Winter netball blues

I am getting ready for the onslaught.  After nine years of children playing netball, I think I am almost used to it.  But if you’d told me thirty years ago I would be spending Saturday mornings and several Sundays of my life ferrying to sports grounds, watching children play netball, rugged up to the hilt, I would have laughed out very loud, in your face.

Saturday mornings are for leisurely cups of tea, a bit of toast and honey – à la my favourite Kaz Cooke cartoon, lying in bed, with a day’s worth of reading, treats and tea lined up. I can dream, I guess.  Toddlers put a stop to all of that, years ago.  And then came netball, the winter sport … and we live in Canberra where winter starts in May and goes to late October.

Come the age of eight, our elder daughter wanted to play netball, no two minds about it.  And her sister followed in her footsteps not too many years later.  Every year since then, we have given them both the option of playing something else – basketball, soccer, AFL, hockey, even swimming squads.  But no, netball it is.  And not just one team, but two, because the local club’s representative program is a great way of developing skills and making new friendships.  Plus they wear body suits, which are very cool – apparently.

So the Saturday competitions and the day-long Sunday carnivals once a month mean that in winter, very little gets done around our house.  In preparation to get us through the long, hard season of barracking, car parking woes and fold up chairs, I compiled the list of last minute chores we needed to get done before the competitions start, else they won’t get done until September.  That’s because – surprise surprise – my other half is also involved in netball; he coaches a team (and very good at it he is, in my view) but that’s its own little bucket of exhaustion and angst. There’s very little energy left each week for much more than getting washing done, buying the food in, and a bit of cursory vacuuming.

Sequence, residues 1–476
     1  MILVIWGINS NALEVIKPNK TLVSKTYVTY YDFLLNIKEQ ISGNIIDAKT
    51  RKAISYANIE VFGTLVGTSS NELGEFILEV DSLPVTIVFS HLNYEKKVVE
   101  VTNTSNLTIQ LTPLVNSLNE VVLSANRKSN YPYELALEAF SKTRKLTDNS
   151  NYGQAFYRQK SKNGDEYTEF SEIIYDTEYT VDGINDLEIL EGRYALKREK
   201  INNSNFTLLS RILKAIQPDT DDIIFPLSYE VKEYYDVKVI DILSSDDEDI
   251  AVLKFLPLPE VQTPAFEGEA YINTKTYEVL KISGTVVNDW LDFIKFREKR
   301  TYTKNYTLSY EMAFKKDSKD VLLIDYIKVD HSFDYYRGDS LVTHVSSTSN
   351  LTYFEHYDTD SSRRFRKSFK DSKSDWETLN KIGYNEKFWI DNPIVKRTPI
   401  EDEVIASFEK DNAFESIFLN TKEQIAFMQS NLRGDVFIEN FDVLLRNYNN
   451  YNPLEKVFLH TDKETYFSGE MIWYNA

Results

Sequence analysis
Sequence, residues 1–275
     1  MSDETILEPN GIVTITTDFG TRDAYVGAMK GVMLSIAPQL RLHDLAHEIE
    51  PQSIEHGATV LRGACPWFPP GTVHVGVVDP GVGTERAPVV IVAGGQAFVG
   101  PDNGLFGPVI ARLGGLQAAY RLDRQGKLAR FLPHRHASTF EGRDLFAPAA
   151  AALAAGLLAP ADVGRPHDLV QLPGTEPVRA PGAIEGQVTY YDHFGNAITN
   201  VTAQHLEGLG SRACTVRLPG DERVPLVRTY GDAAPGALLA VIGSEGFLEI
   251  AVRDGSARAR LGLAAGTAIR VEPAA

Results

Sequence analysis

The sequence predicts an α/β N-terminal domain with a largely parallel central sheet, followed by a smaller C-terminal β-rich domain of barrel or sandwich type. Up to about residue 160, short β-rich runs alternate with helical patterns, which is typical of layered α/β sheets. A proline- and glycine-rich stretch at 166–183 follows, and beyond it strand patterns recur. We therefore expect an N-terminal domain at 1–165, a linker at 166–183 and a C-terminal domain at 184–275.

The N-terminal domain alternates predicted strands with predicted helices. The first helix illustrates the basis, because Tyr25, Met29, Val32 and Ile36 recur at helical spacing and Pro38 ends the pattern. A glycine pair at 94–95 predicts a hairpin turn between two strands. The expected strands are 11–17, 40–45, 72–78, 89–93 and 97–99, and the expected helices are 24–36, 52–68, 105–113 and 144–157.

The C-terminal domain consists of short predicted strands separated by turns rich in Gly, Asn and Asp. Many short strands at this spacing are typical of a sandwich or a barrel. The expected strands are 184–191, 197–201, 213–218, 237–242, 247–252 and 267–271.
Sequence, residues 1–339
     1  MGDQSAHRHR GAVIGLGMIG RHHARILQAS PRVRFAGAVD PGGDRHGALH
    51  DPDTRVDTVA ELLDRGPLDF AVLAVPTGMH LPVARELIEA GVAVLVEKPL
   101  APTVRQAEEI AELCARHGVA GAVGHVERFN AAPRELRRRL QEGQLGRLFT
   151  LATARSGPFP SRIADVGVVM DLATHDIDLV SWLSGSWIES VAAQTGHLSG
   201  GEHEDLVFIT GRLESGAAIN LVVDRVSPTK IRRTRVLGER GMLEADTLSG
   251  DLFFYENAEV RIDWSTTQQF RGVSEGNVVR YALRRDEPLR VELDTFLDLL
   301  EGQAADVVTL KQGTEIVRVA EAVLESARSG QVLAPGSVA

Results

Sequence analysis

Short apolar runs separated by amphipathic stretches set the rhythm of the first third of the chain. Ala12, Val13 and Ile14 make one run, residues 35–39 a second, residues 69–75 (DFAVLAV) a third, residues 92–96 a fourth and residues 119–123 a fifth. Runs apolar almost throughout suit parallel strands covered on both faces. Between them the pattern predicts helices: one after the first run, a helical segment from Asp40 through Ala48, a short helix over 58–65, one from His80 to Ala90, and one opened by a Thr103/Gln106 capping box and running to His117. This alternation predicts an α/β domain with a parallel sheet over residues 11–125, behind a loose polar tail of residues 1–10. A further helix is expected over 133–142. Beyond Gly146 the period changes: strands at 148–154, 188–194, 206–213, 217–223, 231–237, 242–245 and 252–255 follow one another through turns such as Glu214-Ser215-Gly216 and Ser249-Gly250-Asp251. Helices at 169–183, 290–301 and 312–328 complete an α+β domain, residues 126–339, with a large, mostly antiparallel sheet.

I used to play, of course.  But I wasn’t very good at it.  It was in the days where a pair of Dunlop™ volleys was all you needed in the way of footwear, and there was less focus on fitness, or stretching to protect knees and ankles.  I pay for it on colder mornings. These days the most common sideline comment is about the number of children playing with ankle braces and how expensive they are.  Better that than the risk of ankle stress when they are older, though.

I tried coaching and umpiring too when I was younger, but there was no such thing as a code of conduct for parents then.  The kids were great, but the parents’ sideline comments were just too hard for a shy adolescent to handle.

So now I stand, be-hatted and close-lipped except to call out in support, “good pass” or “excellent intercept”, and most importantly, “good call, umpire”.  And wait for spring, when I can have a cup of tea in bed again.